Adherence to social distancing, getting used to a new routine, and other disruptions associated with lockdown present a unique set of challenges for those caring for someone with dementia. This article offers advice for caregivers to help them during the coronavirus pandemic.
The current government guidance states that people who are ‘clinically extremely vulnerable’ (i.e. people over 70 and those with specific health conditions) should stay at home and avoid contact with others (known as ‘shielding’).
People with dementia are not included in the ‘clinically extremely vulnerable’ list. However, patients with dementia may be over 70 or have specific medical comorbidities which would classify them as ‘clinically extremely vulnerable’. In these instances, these individuals should continue to stay at home and avoid contact with others and adhere to the government advice for ‘clinically extremely vulnerable’ people.
The measures put in place within society to help fight coronavirus require us to all adjust to a ‘new norm’. Many patients with dementia struggle with changes to their usual routine (1), so adjusting to lockdown life could be especially difficult for them.
Maintaining good hygiene is an important public health measure for preventing the spread of coronavirus (2). Dementia patients may require frequent prompting to help them adapt to and adhere to the requirements of lockdown life. You could put up signs around their home reminding them to frequently wash their hands with soap and warm water for 20 seconds. Verbal promoting could be useful too.
If the person you are caring for is able to exercise, they should be encouraged to get some daily physical activity. However, they may require frequent, simple reminders about social distancing (i.e. the importance of staying at least two metres apart from individuals). Many residential and care homes have put strict social distancing measures in place. However, if you are caring for a person with dementia at home and they are going out in public for their daily exercise, you may wish to choose a quieter walking route and avoid busy times.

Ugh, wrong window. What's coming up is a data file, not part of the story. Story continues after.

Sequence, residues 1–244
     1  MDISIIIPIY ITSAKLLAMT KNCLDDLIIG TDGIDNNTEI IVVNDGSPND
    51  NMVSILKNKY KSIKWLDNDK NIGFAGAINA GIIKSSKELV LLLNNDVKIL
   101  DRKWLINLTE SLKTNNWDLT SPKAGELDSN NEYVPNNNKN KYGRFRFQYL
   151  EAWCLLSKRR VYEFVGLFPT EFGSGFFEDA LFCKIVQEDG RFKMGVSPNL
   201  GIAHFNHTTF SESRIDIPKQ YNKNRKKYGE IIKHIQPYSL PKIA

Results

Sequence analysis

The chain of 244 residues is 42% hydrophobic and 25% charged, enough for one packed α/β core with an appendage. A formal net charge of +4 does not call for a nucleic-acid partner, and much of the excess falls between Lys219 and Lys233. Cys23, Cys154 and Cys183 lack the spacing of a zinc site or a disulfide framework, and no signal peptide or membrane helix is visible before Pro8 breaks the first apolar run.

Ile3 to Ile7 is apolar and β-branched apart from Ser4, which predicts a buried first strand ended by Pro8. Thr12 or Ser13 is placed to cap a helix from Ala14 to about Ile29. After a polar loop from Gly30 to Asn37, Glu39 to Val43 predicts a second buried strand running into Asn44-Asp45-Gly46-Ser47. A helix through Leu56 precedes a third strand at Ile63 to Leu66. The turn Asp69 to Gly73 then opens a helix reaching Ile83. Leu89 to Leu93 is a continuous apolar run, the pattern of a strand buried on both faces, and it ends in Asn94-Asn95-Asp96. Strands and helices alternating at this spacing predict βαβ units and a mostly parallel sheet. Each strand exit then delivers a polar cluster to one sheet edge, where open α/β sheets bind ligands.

You can help a person with dementia to maintain good social relationships by setting up frequent phone and video calls with their friends and relatives. Seeing a loved one’s face as well as hearing their voice can help a person with dementia to feel connected. Many care homes use specific technology platforms (i.e. zoom or skype), so get in touch with staff to see what is preferred and if they can help to facilitate calls.
Friends and relatives can also provide care from a distance for those who live alone or in care homes. Sending flowers, photographs and cards is a great and safe way to remind the person that you’re thinking of them. Letters and emails are personable and can be read by care home staff, if needed. You could also send CDs of their favourite songs or their favourite movies to help provide comfort and support their wellbeing.
Hopefully, by now, systems will be in place to ensure that the person you care for is receiving a regular supply of food and necessities. If the person you care for usually does their own food shopping, try asking for support from friends, family, or neighbourhood volunteer groups to get their groceries delivered to their doorstep. Many supermarkets are also allocating online shopping slots for vulnerable customers. If the person that you care for is classified as ‘clinically extremely vulnerable’, you can stillregister them to receive support from the government.
Keeping busy will help to combat boredom, which often leads to restlessness and agitation in people with dementia. Try to set up different ‘boredom buster’ activities in a variety of rooms around the home. Here are some ideas:
Dementia presents many nutritional challenges and these may be exacerbated by the restrictions of lockdown. To help maintain good nutritional status, you may want to consider the following:
It’s important to ensure that you’re also looking out for your own wellbeing. If you have concerns relating to caring for someone with dementia during lockdown (and beyond), you can reach out for support from Dementia UK or the Alzheimer’s Society.
Support services for caregivers and people with dementia continue to operate during lockdown. Charitable organisations and healthcare services actively encourage individuals to get in touch if they require support throughout lockdown. We have listed some useful resources below. If you’re still concerned about a person with dementia, speak to a healthcare professional.